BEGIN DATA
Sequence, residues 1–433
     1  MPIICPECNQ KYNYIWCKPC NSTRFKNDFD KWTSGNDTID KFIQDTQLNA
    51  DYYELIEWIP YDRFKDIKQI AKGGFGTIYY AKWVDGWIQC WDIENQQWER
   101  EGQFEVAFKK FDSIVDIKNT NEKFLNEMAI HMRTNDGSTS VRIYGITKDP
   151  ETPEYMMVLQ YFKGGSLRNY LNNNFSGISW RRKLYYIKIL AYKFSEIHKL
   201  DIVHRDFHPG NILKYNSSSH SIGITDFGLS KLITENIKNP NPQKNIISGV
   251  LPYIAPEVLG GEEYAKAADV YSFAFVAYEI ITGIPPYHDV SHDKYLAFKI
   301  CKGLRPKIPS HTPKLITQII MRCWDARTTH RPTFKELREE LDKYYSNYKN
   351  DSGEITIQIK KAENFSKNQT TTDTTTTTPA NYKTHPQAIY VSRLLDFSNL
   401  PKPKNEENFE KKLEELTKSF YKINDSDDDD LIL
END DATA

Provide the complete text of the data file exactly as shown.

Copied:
Sequence, residues 1–433
     1  MPIICPECNQ KYNYIWCKPC NSTRFKNDFD KWTSGNDTID KFIQDTQLNA
    51  DYYELIEWIP YDRFKDIKQI AKGGFGTIYY AKWVDGWIQC WDIENQQWER
   101  EGQFEVAFKK FDSIVDIKNT NEKFLNEMAI HMRTNDGSTS VRIYGITKDP
   151  ETPEYMMVLQ YFKGGSLRNY LNNNFSGISW RRKLYYIKIL AYKFSEIHKL
   201  DIVHRDFHPG NILKYNSSSH SIGITDFGLS KLITENIKNP NPQKNIISGV
   251  LPYIAPEVLG GEEYAKAADV YSFAFVAYEI ITGIPPYHDV SHDKYLAFKI
   301  CKGLRPKIPS HTPKLITQII MRCWDARTTH RPTFKELREE LDKYYSNYKN
   351  DSGEITIQIK KAENFSKNQT TTDTTTTTPA NYKTHPQAIY VSRLLDFSNL
   401  PKPKNEENFE KKLEELTKSF YKINDSDDDD LIL